A collection of beautifully raw and honest lyrical portraits of 21st-century relationships.
“So I’ve stepped into womanhood”, are the words to which Jorja Smith describes the formative period in which she has produced her sophomore album “Falling or flying”. These words are certainly apt when we consider that Smith was just 20 years old when she released her Mercury Prize-nominated debut record, “Lost and Found”. Although she was young she displayed a social awareness that was beyond her years as she used her music to tackle cultural issues, like that of racial profiling and police brutality in “Blue Lights”. However her youthful nature could be seen in the adolescent naivety of young relationships on “Teenage Fantasy”. Smith’s next release came in the form of the EP “Be Right Back” which she described metaphorically as a “little waiting room” until her next album. This proved to temporarily satiate fans as sultry, seductive tracks such as “Be Honest” and “Addicted” showed how Smith was stylistically evolving. Now with “Falling or flying” Smith has produced her most mature and self-assured work to date.
With this latest record, Smith is seemingly picking up where she left off, as she explores similar motifs in her songwriting that were present on her debut album. The title track of the album “Falling or Flying” leads with atmospheric piano keys that give way to Smiths’ beautifully honest and raw vocals. Smith lyrically weaves an image of the anxieties and insecurities that come with modern relationships, “I don’t know where you are, but I don’t wanna go to sleep, babe”. The tumultuous nature and intensity of this relationship has got to the point where Smith is unable to determine whether she is elated or endangered as she reveals “I could be falling, flying I wouldn’t know the difference”.This candid lyricism is how Smith’s music is able to resonate so intimately with her audience.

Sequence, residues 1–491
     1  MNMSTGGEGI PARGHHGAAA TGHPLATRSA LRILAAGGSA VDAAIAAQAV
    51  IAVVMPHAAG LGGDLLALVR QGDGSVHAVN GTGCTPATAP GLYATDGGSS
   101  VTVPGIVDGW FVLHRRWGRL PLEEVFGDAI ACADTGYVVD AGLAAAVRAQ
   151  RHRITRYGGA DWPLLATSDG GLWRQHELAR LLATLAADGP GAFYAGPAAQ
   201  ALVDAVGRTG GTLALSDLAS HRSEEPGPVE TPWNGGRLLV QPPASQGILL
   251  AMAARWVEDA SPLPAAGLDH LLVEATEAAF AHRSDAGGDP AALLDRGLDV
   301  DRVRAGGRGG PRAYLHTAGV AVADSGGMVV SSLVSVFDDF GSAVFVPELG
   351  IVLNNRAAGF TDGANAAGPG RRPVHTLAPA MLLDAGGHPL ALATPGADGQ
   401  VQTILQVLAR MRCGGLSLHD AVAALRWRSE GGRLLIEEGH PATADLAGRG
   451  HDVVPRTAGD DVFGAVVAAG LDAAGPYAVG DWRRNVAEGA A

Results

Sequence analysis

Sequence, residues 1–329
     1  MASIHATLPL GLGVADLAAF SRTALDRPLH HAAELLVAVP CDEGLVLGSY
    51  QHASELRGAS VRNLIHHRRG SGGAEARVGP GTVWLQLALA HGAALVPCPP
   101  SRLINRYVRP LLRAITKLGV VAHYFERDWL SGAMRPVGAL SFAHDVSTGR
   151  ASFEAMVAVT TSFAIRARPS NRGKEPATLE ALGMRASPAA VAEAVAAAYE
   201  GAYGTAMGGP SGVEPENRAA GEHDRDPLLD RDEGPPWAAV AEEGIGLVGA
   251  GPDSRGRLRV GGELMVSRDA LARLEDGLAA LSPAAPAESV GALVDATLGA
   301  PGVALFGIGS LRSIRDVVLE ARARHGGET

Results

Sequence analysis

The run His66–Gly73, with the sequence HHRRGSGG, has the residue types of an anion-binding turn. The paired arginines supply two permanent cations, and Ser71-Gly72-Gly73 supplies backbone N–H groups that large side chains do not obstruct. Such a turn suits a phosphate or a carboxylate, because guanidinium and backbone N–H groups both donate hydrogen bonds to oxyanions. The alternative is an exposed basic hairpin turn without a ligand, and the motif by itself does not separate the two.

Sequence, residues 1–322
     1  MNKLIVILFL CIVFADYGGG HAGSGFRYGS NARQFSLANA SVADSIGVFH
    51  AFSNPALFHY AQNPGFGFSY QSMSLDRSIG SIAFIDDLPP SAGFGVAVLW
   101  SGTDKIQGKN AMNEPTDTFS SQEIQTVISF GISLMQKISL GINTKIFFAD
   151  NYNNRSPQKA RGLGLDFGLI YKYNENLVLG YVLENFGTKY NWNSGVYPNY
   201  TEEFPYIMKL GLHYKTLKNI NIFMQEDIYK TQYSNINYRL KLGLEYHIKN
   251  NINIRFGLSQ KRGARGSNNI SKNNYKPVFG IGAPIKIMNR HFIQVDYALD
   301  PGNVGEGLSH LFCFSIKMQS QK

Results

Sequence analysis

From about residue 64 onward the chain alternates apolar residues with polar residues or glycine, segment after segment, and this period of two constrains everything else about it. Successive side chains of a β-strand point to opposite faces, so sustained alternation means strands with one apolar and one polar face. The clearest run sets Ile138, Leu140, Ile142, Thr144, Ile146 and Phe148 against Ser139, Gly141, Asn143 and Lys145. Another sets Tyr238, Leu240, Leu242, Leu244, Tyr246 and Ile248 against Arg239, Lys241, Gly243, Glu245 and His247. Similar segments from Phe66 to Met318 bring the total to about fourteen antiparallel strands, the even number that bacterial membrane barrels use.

One of the highlights of the record is the danceable “Little Things”, which feels like the spiritual successor to one of Smith's earlier hits the Preditah produced “On My Mind”. The track is filled with afrobeat drumming that melds seamlessly into elements of percussive garage house. A sonic anomaly within the album, the lyrics perfectly capture the excitement of an impulsive night out and the intoxication of a chance encounter with an infatuation, “With you it's such a sweet escape”. There is a jubilant sentiment to the track as Smith desires and wants to revel in the “little things that get me high”, the whomping bassline outro leaves us wanting to experience the same ecstasy.
The variety and ability that Smith displays in blending genres within this album feels to be one of its strongest assets. “The Greatest Gift” is emblematic of this as it is driven by a hypnotic jazz tempo backed with emotive gospel vocals, with a Lauryn Hill-inspired feature verse by Lila Iké. However the most unpredictable of Smith’s genre blending has to be the indie rock-inspired “GO GO GO”. The composition is all crisp acoustic strumming and thumping drums that would not be out of place on a record by the likes of Two Door Cinema Club. This track is indicative of Smith’s more versatile nature as an artist and her willingness to be more experimental.
“Falling or flying” is a strong step forward for Smith in her progression as an artist, as she continues to go from strength to strength with her musical output. There is a real beauty to how Smith is able to convey so much emotion and pain in her music and this is best demonstrated on the album’s closer, “What if my heart beats faster?”. From the orchestral grandeur of the intro right through to its passionate crescendo, it is a tour de force of emotion. This lyrical depiction of the end of a strained relationship gives way to Smith’s confidence within herself and her music, “There’s no need to run, no need to hide because I’ve figured out, I got this”. An assertive statement that feels to be reflective of both Smith’s maturity and solidifying of her artistic status.